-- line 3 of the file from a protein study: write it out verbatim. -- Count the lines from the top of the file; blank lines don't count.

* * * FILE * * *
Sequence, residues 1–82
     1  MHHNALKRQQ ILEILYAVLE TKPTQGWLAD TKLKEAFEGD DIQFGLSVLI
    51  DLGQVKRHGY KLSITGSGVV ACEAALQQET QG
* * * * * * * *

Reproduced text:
    51  DLGQVKRHGY KLSITGSGVV ACEAALQQET QG